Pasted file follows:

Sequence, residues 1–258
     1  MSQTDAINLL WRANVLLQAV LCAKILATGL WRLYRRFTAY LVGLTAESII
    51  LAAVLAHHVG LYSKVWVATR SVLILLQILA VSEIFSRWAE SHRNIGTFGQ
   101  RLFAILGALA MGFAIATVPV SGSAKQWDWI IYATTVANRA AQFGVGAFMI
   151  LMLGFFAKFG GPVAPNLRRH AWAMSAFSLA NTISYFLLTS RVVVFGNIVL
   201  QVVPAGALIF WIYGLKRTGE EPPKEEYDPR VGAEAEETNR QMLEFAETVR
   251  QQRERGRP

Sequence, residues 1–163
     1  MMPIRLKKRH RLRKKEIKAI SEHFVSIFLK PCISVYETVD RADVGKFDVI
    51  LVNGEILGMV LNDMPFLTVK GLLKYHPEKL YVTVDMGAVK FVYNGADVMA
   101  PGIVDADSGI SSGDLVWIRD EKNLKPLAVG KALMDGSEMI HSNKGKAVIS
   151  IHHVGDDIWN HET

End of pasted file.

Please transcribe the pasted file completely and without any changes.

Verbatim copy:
Sequence, residues 1–258
     1  MSQTDAINLL WRANVLLQAV LCAKILATGL WRLYRRFTAY LVGLTAESII
    51  LAAVLAHHVG LYSKVWVATR SVLILLQILA VSEIFSRWAE SHRNIGTFGQ
   101  RLFAILGALA MGFAIATVPV SGSAKQWDWI IYATTVANRA AQFGVGAFMI
   151  LMLGFFAKFG GPVAPNLRRH AWAMSAFSLA NTISYFLLTS RVVVFGNIVL
   201  QVVPAGALIF WIYGLKRTGE EPPKEEYDPR VGAEAEETNR QMLEFAETVR
   251  QQRERGRP

Sequence, residues 1–163
     1  MMPIRLKKRH RLRKKEIKAI SEHFVSIFLK PCISVYETVD RADVGKFDVI
    51  LVNGEILGMV LNDMPFLTVK GLLKYHPEKL YVTVDMGAVK FVYNGADVMA
   101  PGIVDADSGI SSGDLVWIRD EKNLKPLAVG KALMDGSEMI HSNKGKAVIS
   151  IHHVGDDIWN HET